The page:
If prompted to identify animals that display high levels of intelligence, many people would probably name well-known exotic species, such as dolphins or chimps. However, one common species that many of us interact with every day may be among the most intelligent species on earth — crows. From tool-building and abstract thinking to complex social behavior, crows display intelligence to a degree that has been of great interest to scientists in recent years.
Assistant Professor of Biology Andrea Townsend and her summer students Blaire Frett ’16, Jessica Sofen ’16 and Marian Eckerman ’16 are researching crow behavior, specifically regarding the effects of urbanization on the survival, social behavior and disease prevalence of the birds. Crows are ideal subjects for study not only due to their intelligence, but also because of their predisposition toward living near human settlements. The birds are also relevant study subjects because they carry a number of diseases that are of interest to humans, including West Nile virus and certain foodborne pathogens.
“My students will be looking at the crows’ survival as the intensity of human land-use increases, as well as effects of urbanization on individual behavior and fitness,” explained Townsend. “Eventually we’ll be putting satellite tags on some of the local birds to watch their movements and migration patterns, helping us track how diseases might be moved across the landscape. We have a lot of crows that spend the winter in the area, but we don’t know where they go to breed in the summer,” she noted. “The satellite tags will allow us to follow the birds in real time, wherever they go.”
Townsend’s students come from different disciplinary backgrounds, yet all expressed enthusiasm for the research program. “I thought that not being a biology major would make it difficult to get a summer research opportunity,” Sofen said, “but Andrea thankfully took me on anyway. I am looking to pursue a career in veterinary medicine, and this project has shown me the opportunities for veterinary medicine in the field of wildlife conservation and health research. There are so many things I can do in the research field that I didn't know about,” she remarked.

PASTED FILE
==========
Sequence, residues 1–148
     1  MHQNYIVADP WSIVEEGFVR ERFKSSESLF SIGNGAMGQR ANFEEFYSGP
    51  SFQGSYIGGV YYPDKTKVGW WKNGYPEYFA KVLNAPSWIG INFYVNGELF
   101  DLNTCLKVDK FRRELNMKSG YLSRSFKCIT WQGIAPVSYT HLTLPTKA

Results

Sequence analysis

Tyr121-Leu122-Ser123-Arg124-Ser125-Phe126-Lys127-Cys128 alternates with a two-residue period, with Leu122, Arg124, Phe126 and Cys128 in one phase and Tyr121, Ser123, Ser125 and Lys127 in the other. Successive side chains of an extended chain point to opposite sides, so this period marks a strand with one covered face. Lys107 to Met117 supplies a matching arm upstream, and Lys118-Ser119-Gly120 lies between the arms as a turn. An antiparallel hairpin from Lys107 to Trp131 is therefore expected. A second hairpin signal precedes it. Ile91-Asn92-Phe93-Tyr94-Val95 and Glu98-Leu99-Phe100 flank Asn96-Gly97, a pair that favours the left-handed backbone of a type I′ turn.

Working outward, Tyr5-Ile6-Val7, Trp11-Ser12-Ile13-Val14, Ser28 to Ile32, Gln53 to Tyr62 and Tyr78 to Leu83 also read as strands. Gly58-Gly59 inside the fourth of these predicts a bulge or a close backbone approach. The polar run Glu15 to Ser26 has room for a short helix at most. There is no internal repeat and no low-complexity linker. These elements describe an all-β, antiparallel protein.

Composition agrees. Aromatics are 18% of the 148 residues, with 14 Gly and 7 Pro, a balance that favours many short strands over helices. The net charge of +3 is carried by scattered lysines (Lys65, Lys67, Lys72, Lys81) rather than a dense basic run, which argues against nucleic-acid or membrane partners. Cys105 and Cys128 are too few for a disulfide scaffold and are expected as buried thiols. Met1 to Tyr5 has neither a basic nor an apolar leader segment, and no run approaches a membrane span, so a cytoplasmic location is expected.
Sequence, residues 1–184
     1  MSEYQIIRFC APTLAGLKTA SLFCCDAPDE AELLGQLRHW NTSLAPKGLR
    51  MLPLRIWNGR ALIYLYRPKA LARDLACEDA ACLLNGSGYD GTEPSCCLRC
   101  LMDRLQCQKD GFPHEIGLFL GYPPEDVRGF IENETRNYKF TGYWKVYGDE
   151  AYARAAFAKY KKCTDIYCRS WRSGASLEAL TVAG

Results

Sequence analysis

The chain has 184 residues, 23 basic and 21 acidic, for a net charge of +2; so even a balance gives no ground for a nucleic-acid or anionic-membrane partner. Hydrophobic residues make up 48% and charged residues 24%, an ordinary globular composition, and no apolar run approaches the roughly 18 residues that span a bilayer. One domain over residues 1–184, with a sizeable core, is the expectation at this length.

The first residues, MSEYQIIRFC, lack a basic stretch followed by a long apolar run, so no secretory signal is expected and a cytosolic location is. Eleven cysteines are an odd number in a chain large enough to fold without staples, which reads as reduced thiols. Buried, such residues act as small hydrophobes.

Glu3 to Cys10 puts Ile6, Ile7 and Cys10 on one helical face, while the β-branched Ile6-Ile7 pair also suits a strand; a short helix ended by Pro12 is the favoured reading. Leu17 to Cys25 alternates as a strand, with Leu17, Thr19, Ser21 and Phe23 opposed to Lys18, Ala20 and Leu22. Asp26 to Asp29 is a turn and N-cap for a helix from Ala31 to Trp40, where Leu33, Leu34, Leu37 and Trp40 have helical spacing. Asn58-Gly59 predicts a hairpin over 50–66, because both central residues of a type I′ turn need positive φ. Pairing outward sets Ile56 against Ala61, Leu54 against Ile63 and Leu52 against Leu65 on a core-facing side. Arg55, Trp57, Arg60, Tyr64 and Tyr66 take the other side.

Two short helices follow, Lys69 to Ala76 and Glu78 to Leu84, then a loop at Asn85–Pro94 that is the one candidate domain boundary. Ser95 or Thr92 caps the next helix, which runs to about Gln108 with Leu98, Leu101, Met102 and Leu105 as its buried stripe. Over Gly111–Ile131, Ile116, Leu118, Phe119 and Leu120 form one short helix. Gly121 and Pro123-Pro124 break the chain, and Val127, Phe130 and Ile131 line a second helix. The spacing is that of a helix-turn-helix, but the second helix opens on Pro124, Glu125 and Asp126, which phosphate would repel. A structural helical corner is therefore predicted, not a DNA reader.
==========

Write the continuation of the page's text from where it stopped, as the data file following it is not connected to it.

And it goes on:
This research will continue through the coming year, and will be bolstered by the construction of Hamilton’s new aviary, slated for completion in early August. “We’ll be taking young crows into the aviary,” explains Townsend, “using them to answer questions such as: Can they recognize individual humans? Can they distinguish kin from non-kin, Are they more likely to cooperate with kin? Do they use teamwork to solve complex problems? and other questions relevant to animals living in human-dominated landscapes.
Senior thesis students and students in next year’s ecology class taught by Townsend will have the opportunity to work within the new aviary, a facility that will be built upon the former site of 3994 Campus Road, following the residence hall’s demolition. “We are trying to make the aviary comfortable for both the crows and the student researchers,” Townsend states. “We worked with architects, local zoos, and veterinarians to design the best possible structure for the birds, and it will have an attached, heated classroom along one side that the students can use to observe them. It’s going to be pretty awesome.”
Professor Townsend and her students want to thank Hamilton College and many Clinton residents for letting them band crows throughout the village of Clinton this summer.